If you think I am blowing this out of proportion consider this. On that same visit to Parris Island, at a cocktail reception at the Officers' Club, I saw an officer wearing Vietnam ribbons. I approached him and learned that he had been with the 4th Marine Regiment at the same time I had been in Vietnam.
When I mentioned that I had been on several operations with the 4th Marines and began to query him further he halted me in mid-sentence and told me "We don't talk about Vietnam around here." To say I was stunned is an understatement. I saw that visit to Parris Island as a homecoming of sorts, and to be shut out that way was deplorable.
But back to Iraq. For three years now we have been hearing those tired old refrains from the communists and their supporters in Congress regarding our efforts there. "Bogged down." "Quagmire." "Another Vietnam."
We have heard it said repeatedly. So we don't do body counts, even though some of our troops say we have killed some 40,000 to 50,000 terrorists in the last three years, and we didn't take a hard look at the defeat and hold tactics that were so successful in Vietnam, and we don't listen to the people who fought back then, because 'What could we possibly know that will help now?'
There have been some bright spots along the way. Marine Gen. Al Gray, a Vietnam veteran and no-nonsense Commandant in the early 90s made great strides in bringing back the warrior culture. Gen. Peter Pace, who fought in Vietnam and now is the first Marine ever to chair the Joint Chiefs of Staff, and the immediate past Commandant Gen. Michael Hagee both have shown through the outstanding performance of the Marines in Iraq and Afghanistan that they know their military history.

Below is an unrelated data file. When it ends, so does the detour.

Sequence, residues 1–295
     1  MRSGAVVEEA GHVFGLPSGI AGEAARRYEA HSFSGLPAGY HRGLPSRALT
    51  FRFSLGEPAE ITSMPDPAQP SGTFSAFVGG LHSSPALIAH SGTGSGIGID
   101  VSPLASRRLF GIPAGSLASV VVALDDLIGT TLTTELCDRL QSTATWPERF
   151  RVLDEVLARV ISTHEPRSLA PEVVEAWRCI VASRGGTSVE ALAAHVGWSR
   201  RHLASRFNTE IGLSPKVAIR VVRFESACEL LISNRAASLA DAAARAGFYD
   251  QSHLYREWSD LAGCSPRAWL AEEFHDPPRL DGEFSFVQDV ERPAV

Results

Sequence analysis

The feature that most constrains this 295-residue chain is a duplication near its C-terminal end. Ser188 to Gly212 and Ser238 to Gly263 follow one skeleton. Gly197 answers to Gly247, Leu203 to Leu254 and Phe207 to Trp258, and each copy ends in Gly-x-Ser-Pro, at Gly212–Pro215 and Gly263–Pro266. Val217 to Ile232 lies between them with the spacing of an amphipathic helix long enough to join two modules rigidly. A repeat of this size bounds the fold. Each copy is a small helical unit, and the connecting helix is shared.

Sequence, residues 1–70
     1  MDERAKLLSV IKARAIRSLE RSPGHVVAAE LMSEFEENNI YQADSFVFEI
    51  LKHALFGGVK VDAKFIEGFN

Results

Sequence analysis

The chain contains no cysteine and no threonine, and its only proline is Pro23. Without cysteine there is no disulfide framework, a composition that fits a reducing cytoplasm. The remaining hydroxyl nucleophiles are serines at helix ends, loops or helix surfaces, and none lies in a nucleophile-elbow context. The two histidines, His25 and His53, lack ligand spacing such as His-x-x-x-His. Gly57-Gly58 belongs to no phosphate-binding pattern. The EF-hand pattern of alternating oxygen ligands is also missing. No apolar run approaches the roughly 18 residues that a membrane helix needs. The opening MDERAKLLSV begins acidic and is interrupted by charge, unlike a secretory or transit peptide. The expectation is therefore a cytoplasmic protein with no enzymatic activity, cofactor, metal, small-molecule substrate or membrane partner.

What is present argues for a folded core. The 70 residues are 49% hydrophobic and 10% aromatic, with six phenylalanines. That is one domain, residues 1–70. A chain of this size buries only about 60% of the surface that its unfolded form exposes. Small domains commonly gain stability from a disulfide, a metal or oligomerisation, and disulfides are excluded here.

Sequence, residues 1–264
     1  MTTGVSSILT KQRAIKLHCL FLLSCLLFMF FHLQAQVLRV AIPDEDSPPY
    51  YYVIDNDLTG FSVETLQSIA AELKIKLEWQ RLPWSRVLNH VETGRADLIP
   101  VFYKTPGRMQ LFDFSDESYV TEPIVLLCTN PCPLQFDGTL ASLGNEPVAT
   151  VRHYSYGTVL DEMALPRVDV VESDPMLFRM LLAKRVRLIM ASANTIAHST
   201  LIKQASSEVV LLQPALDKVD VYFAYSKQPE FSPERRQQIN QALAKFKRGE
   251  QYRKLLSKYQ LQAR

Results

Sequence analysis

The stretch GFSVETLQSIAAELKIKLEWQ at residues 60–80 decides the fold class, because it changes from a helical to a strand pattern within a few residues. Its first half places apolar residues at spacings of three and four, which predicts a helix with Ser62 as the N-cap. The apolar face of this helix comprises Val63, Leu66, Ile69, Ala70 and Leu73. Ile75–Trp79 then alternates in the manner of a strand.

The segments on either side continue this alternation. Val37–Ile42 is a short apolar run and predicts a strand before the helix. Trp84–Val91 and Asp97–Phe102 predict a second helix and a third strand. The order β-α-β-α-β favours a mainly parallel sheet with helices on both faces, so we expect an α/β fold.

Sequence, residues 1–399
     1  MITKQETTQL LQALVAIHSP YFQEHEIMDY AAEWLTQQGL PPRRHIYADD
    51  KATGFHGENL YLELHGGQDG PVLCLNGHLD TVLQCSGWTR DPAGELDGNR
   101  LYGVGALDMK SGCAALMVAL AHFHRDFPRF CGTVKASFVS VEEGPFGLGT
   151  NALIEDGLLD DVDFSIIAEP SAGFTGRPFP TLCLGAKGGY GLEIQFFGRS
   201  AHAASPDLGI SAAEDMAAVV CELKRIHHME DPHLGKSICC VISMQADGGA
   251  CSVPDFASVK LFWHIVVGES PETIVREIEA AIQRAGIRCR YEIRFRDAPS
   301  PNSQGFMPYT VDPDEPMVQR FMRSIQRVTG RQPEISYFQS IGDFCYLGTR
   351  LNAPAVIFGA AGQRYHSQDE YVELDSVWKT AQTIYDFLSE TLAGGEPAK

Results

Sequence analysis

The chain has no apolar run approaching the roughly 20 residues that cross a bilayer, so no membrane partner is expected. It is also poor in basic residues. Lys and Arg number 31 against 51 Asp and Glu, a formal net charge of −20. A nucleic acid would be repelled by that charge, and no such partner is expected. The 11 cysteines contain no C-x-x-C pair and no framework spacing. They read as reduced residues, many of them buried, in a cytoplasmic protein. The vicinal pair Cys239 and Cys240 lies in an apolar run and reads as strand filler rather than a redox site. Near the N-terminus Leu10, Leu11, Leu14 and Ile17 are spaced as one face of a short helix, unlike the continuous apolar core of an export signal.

But we had to wait three years until the President of the United States was forced to reassign two key generals, increase troop strength and make a public announcement that he was ready to implement successful strategies that were tried and proven in Vietnam before we could get to this point.
The good news is that the president did adapt. The good news is that he is going in with a set jaw, a clenched fist and a no-nonsense attitude. It is going to be kick ass and take names time in the Middle East. If I were a terrorist, Iraq is the last place I would want to be, except there are very few other places left to go.
But we shouldn't have had to wait three years for this to occur. The lessons were there all along and the people who lived that history have been here all along, trying to get someone to listen to them.
The issue now becomes one of fortitude. Don't expect it to be easy or bloodless. Vietnam was neither, yet we won all of those battles. This won't be easy or bloodless, but Iraq and the War on Terror both can be won if Congress doesn't turn traitor on us and sell out the troops and our allies again.
The danger now is listening to people who never learned or don't remember their history. It has already been shown that to ignore history is to repeat it, and the leaders of the Democrats in Congress, whatever their motivation, are salivating at the opportunity to create "another Vietnam syndrome."
Friday, January 12, 2007